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That Smell (Skate Odor & Care)

posted Jan 31, 2015, 2:40 PM by Skate Doctor   [ updated Jan 31, 2015, 2:40 PM ]
“Ooooh that smell
Can't you smell that smell”

I don’t think Lynyrd Skynyrd was singing about hockey skates, but for the purposes of this blog, let’s assume he was.

Let’s face it. Feet can be fairly gross. Due to their proximity to your feet and because they’re at the bottom end of a sweaty athlete, skates can also be downright nasty. Trust us, we know! This moist, warm, dirty area is a natural breeding ground for bacteria and other undesirables.

Here are some tips for keeping your skates fresh (and your feet happy)…

Use a pair of skate socks. There are many different types on the market. Some are thinner or thicker than others; some have added protection through Kelvar or similar materials. My favorite is the Bauer Vapor Performance Sock. If you like a thinner pair of socks for that “natural” feeling, try a pair of Thinnies. At the end of the day, they all create a barrier between your foot and the skate boot, and they definitely absorb some of that moisture and sweat.

Take out your insoles after every skate. A layer of moisture becomes trapped between the insoles and the bottom of your skate. Coincidentally, this is also where steel rivets attach the blade holders to your skate boot.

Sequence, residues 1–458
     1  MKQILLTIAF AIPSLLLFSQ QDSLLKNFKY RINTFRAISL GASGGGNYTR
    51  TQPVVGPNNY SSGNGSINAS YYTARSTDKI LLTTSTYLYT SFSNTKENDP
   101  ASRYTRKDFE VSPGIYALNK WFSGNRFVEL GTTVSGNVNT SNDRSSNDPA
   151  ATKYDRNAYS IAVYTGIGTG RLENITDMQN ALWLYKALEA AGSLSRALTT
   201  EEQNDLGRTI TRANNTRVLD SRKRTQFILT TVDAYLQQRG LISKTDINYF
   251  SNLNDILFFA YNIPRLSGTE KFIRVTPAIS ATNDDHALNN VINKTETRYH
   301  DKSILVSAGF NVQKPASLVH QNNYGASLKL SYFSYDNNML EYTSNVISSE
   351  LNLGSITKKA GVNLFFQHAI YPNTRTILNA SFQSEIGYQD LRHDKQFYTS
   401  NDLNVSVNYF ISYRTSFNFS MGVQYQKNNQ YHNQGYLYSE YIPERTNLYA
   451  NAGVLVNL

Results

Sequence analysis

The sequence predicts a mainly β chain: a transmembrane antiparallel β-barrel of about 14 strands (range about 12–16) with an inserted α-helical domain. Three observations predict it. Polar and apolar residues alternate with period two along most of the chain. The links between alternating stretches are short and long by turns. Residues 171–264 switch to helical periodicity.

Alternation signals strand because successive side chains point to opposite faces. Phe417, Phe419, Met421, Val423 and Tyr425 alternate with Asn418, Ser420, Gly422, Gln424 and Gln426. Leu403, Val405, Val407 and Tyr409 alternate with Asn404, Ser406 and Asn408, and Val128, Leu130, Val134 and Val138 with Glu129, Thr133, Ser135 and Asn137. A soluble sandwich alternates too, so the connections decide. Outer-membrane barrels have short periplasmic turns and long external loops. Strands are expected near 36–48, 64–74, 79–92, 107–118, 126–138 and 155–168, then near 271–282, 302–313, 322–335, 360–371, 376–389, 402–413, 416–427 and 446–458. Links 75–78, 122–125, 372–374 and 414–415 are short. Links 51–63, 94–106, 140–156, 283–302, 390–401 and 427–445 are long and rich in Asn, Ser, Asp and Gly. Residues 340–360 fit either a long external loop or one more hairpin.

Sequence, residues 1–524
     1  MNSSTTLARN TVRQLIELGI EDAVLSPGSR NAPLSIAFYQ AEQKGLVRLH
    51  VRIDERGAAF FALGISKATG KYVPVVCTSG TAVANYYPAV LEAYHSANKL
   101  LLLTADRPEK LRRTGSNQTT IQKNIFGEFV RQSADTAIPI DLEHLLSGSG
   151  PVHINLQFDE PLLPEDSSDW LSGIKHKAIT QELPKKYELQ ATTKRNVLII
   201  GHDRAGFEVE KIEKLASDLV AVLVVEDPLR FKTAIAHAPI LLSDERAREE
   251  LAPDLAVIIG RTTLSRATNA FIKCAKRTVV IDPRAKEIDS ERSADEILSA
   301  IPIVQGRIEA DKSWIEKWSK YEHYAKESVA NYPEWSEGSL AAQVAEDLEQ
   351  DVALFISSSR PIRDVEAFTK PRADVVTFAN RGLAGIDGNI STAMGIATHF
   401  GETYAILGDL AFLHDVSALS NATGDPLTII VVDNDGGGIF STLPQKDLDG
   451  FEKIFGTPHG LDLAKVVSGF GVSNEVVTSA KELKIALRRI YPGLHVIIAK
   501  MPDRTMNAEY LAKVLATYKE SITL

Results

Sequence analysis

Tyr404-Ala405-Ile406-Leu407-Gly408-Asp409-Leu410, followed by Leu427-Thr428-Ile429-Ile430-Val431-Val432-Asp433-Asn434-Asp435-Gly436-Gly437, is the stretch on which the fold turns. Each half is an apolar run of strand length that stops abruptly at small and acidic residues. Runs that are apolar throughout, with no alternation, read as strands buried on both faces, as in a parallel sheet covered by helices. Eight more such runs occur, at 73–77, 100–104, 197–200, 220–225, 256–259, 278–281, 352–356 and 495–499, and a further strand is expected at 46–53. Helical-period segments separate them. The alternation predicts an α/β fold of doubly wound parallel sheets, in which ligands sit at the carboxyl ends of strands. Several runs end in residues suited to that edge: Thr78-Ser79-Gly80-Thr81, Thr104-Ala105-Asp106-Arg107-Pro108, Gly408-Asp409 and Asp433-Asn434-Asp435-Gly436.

Steel rivets + moisture = rust. Rusted rivets lead to weakened or broken rivets and loose blade holders. Not good! Also, remember to keep those insoles near your skates so that you don’t forget them when you’re packing up your bag again.

Air out your skates after every use. Yes, every single use. Take those skates out of your hockey bag, unlace them a bit, pull the tongues outward and hang them upside down (with the insoles out), preferably with the toes at the highest point. This not only allows the skates to air dry, but it also allows any excess moisture deep in the toe box area to drain down and out.

If things are still getting funky despite your best efforts, try a bit of baking soda, or invest in a sports deodorizing spray that contains silver. Silver inhibits the growth of bacteria, therefore stopping the problem at the root cause.

Lastly, pay attention to your feet. Treat and bandage any blisters or cuts and chat with your Skate Technician about any skate issues that may be leading to these problems. Staph or MRSA infections aren’t fun and will undoubtedly keep you off the ice; and nobody wants that.